The House Intelligence Committee held its first public impeachment hearing with Ambassador Bill Taylor as the first witness.

Taylor is the acting U.S. Ambassador to Ukraine, provided testimony last month to the House Intelligence Committee. His written statement was released as well.

I don’t find his testimony alone particularly compelling other than it put the spotlight on Ambassador Gordon Sondland, the U.S. Ambassador to the European Union, because his testimony coupled with the testimony of Lt. Colonel Alexander Vindman, National Security Council Director of European Affairs, contradicted what Sondland originally told the committee.

Interesting, worth exploring, but I wouldn’t consider it a silver bullet by any stretch of the imagination.

Outside of the written statement we don’t know what was said to the committee in his first hearing behind closed doors.

Today, the public did get to hear from Ambassador Taylor where he reiterated on two occasions that his understanding came only through people he spoke with.

Republicans given the opportunity to cross-examine pushed back. U.S. Rep. Jim Jordan, R-Ohio, pointed out that what Taylor said in an earlier statement was his “clear statement” did not come to pass.

“Were you wrong when you said that you had a ‘clear understanding’ that President Zelensky had to commit to an investigation of the Bidens before the aid got released and the aid got released and he didn’t commit to an investigation?” Jordan asked.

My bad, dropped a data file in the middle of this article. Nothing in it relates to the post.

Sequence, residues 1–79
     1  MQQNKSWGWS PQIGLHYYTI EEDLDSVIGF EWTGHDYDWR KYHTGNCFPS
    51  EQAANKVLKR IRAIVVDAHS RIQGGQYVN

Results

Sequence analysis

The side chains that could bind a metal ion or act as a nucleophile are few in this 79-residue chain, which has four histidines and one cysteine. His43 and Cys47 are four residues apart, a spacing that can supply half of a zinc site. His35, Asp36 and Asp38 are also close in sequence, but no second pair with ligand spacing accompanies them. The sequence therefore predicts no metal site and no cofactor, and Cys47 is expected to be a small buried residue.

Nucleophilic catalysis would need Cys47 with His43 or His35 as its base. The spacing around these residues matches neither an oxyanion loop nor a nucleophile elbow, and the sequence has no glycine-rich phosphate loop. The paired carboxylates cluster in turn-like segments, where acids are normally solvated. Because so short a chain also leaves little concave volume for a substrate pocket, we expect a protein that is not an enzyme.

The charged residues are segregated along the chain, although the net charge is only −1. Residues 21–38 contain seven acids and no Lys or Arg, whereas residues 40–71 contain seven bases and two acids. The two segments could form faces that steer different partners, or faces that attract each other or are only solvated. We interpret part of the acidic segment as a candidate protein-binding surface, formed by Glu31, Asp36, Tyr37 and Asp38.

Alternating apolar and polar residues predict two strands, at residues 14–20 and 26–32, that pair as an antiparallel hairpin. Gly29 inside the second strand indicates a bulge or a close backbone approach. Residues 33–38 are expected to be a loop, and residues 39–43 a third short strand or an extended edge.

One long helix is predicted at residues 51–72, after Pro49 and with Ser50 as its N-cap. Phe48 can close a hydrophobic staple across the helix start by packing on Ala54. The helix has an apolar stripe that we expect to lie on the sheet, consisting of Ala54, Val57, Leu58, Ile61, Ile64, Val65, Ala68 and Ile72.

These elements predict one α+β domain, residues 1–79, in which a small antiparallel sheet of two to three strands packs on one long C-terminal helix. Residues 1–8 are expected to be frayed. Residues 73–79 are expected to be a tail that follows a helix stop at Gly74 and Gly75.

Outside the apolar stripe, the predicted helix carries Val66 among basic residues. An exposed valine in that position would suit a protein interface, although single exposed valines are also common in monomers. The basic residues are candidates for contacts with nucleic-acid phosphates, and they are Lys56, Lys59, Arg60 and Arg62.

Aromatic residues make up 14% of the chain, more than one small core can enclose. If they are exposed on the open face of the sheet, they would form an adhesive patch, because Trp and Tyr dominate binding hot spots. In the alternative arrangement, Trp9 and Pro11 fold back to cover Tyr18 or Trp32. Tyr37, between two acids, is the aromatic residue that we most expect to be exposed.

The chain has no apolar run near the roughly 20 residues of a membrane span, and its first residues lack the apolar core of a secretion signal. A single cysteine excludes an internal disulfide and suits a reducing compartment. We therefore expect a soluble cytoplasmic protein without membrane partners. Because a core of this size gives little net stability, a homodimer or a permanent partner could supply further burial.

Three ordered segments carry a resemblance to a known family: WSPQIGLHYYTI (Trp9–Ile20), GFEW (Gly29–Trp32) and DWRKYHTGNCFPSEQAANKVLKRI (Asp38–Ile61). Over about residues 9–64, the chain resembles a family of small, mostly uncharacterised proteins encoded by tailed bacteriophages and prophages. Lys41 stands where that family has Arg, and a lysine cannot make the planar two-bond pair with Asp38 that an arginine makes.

“I was not wrong about what I told which is what I heard that’s all I’ve said, I told you what I heard,” Taylor answered.

“And that’s the point,” Jordan responded. “What you heard did not happen. It didn’t happen. You had three meetings with the guy (Zelensky) he could have told you. He didn’t announce he was going to do an investigation before the aid happened. It’s not just could it have been wrong, the fact is it was wrong because it didn’t happen. The whole point was that you had a clear understanding that aid will not get released unless there was a commitment. Not maybe, not I think the aid might happen, it’s my hunch it’s going to be released. You used clear language, clear understanding and commitment and those two things didn’t happen.”

He was also questioned by U.S. Rep. John Ratcliffe, R-Texas, who pointed out that Ukrainian President Volodymyr Zelensky’s insistence to the world media that he was not feel pressured to investigate the Bidens.

Taylor said he had no reason to doubt Zelensky when he said that. Watch:

Ultimately this boils down to Sondland again. Taylor and  Deputy Assistant Secretary of State George Kent who testified later about how they were disturbed by the “irregular” policy channel used with Ukraine.

I don’t like it either. I don’t think the President’s personal attorney should be involved in foreign policy. I think it’s wise to loop in the U.S. Ambassador to the Ukraine.

All of that is irrelevant to the question at hand: Was there quid pro quo? Did President Trump want a Ukrainian investigation into the Bidens in exchange for releasing military aid?

Democrats have a long way to go to demonstrate that. They may get there, but today was a weak start. The Republicans playing the role of defense attorneys cross-examining Ambassador Bill Taylor during the impeachment hearing effectively raised doubts.

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